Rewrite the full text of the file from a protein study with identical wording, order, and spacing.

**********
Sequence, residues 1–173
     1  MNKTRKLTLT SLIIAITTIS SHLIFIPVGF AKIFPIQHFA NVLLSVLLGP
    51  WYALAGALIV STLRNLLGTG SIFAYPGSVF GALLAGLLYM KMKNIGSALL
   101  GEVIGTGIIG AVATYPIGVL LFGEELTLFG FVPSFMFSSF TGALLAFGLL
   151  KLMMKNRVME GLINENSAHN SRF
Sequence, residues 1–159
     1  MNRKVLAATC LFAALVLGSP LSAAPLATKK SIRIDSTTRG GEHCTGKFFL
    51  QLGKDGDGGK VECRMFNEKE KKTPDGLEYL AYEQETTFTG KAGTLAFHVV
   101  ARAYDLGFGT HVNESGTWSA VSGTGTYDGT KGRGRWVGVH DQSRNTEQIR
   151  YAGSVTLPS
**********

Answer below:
Sequence, residues 1–173
     1  MNKTRKLTLT SLIIAITTIS SHLIFIPVGF AKIFPIQHFA NVLLSVLLGP
    51  WYALAGALIV STLRNLLGTG SIFAYPGSVF GALLAGLLYM KMKNIGSALL
   101  GEVIGTGIIG AVATYPIGVL LFGEELTLFG FVPSFMFSSF TGALLAFGLL
   151  KLMMKNRVME GLINENSAHN SRF
Sequence, residues 1–159
     1  MNRKVLAATC LFAALVLGSP LSAAPLATKK SIRIDSTTRG GEHCTGKFFL
    51  QLGKDGDGGK VECRMFNEKE KKTPDGLEYL AYEQETTFTG KAGTLAFHVV
   101  ARAYDLGFGT HVNESGTWSA VSGTGTYDGT KGRGRWVGVH DQSRNTEQIR
   151  YAGSVTLPS